Undoubtedly, this documentary portion will catch the most attention since, sadly, as Mignola points out on multiple occasions, the Hellboy movies inevitably created a more significant cultural imprint. Mike Mignola's relationship with them is complicated, and Drawing Monsters sizzles as it navigates those emotions. Del Toro's movies brought many eyes to the comics and were the Big Bang for "The Mignolaverse" (a term the artist loathes, BTW). Based on how the documentary celebrates Mignola's dogged determination, spurned on by his wife Christine Mignola, Hellboy's world would still be chugging away whether or not the movies happened. However, Mignola does grapple with the idea that Hellboy might not be what he is today without the adaptations, and while he never comes out and says he's thankful for them, he does acknowledge their importance.

Drawing Monsters is best when it surfs around Mike Mignola's unease. The artist issues measured responses. He gives credit where credit is due, explaining his father's gruff exterior and interior as a driving force to Hellboy's character as well as his own brusque attitude. He marvels at how Hellboy has taken off and requires input from more collaborators than he ever thought possible. But he implies a distance too. Mike Mignola will not splay himself out on the operating table for dissection and our amusement. Ultimately, the work is the work, and we should keep our obsession to it.

Considering Mike Mignola's extensive career, Drawing Monsters was never going to revel in every nook and cranny. Bits are missing. Regarding Mignola's artistic evolution, Legends of the Dark Knight and Cosmic Odyssey are the stars, but what about his Topps Comics adaptation of Francis Ford Coppola's Dracula? While it's rad to hear from Arthur Adams, Steve Purcell, and Mignola's brothers Scott Mignola and Todd Mignola, I wish the documentary captured some voices from his Marvel bullpen days. Yeah, we've seen those early inks and pencils, but did everyone in the office think Mignola was as bad as Mignola thought of himself? Editor Al Milgrom is still around, and his talking-head segment is sorely absent.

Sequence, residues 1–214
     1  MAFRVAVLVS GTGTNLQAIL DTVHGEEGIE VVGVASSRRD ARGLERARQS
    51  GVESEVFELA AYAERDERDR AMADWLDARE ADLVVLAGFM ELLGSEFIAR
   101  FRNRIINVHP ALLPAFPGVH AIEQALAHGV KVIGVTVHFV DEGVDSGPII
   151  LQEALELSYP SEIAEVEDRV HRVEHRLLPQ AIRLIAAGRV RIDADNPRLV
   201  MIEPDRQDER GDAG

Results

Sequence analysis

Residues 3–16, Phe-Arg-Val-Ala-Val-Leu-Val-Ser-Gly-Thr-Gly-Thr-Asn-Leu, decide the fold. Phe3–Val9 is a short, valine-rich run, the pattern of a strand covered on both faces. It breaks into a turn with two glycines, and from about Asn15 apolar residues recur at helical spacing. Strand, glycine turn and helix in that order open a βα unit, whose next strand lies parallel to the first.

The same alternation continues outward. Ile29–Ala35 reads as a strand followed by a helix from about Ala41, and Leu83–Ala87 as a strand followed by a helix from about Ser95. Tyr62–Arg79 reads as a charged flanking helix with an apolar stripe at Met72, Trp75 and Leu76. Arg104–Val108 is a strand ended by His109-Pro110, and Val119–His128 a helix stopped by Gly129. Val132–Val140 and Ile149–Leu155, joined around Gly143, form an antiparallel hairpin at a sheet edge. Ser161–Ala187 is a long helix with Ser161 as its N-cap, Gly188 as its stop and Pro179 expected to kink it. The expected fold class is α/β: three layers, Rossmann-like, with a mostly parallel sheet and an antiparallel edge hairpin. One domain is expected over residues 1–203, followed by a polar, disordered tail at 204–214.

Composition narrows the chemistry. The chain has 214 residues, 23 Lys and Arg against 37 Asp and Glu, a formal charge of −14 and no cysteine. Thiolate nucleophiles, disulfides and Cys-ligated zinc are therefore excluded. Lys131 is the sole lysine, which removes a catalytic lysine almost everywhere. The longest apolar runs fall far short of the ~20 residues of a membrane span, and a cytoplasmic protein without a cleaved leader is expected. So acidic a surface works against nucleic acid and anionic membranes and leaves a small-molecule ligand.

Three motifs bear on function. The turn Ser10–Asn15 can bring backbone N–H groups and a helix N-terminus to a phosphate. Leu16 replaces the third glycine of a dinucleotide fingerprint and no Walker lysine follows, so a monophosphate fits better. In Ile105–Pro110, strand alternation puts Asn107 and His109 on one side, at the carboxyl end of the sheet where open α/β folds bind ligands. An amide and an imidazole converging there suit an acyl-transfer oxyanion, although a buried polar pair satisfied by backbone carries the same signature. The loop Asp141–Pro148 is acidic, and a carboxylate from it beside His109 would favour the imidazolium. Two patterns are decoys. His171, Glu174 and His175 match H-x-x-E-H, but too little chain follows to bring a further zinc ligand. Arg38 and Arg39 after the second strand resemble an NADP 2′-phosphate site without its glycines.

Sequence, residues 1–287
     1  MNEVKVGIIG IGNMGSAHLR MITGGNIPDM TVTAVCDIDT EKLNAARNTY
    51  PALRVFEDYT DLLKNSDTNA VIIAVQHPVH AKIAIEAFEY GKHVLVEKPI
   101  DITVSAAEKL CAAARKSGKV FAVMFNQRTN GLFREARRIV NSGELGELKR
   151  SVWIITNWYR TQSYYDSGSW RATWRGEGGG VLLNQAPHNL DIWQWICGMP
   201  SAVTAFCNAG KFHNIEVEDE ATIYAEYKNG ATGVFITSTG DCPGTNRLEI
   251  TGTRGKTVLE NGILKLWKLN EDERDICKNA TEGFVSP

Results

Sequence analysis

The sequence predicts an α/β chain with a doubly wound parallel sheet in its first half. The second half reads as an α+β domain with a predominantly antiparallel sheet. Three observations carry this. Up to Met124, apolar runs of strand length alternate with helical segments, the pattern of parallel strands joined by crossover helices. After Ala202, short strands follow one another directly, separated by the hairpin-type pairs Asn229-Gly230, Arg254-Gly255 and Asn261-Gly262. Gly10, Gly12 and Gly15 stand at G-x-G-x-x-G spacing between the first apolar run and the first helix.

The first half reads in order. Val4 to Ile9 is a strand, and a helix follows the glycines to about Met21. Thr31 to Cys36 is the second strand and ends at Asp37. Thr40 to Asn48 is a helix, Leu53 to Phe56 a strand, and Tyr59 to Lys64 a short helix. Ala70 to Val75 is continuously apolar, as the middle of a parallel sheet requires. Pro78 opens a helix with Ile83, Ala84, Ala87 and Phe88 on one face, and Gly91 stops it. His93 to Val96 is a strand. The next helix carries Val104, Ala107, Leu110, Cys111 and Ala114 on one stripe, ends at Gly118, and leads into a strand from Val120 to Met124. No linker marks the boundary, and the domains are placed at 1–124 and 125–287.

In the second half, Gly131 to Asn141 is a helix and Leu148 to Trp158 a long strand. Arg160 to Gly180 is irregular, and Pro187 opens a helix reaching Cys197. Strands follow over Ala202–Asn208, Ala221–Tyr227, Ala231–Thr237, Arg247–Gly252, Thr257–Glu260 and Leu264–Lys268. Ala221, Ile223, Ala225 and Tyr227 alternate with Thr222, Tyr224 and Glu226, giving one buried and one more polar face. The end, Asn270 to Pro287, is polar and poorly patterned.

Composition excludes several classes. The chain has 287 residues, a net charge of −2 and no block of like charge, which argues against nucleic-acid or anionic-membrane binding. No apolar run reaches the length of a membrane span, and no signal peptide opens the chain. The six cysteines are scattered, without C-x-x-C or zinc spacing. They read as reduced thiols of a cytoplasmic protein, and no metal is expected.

And how dare the filmmakers ignore my favorite Hellboy adaptation, the 2019 movie starring David Harbour!? Oh, am I alone in that lovefest? Sad. I guess I better wrap up this review.

Drawing Monsters is crammed with folks highlighting Mike Mignola's contribution to comics and pop culture as a whole. We get appearances from Neil Gaiman, Ben Saunders, Patton Oswalt, Adam Savage, etc. Rebecca Sugar offers one of the documentary's most emotional moments discussing how Mignola's knowledge and advice shaped Steven Universe. I was hit with a ravenous desire for the blu-ray release when the credits rolled. Jim Demonakos and Kevin Konrad Hanna must have hours upon hours of content in their databanks. I want to watch it all.

Quickie Review: Mike Mignola: Drawing Monsters - The Secret Origin of Hellboy can either serve as a gateway for curious potential readers or as a meditative survey for the Hellboy diehards. Like the best documentaries, Drawing Monsters provides a feast to consider but leaves you wanting more. What about this? How about that? Answers could arrive in the deleted scenes, or they may be out there in your own obsessive quest. At the very least, if you already like Hellboy or Mike Mignola in the slightest, the documentary is essential. 9/10